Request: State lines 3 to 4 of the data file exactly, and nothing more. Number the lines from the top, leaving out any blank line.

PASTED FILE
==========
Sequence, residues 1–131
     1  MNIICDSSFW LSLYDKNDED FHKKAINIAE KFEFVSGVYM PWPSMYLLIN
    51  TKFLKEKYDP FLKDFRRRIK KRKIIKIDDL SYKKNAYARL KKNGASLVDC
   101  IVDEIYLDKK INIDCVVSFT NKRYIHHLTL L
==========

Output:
    51  TKFLKEKYDP FLKDFRRRIK KRKIIKIDDL SYKKNAYARL KKNGASLVDC
   101  IVDEIYLDKK INIDCVVSFT NKRYIHHLTL L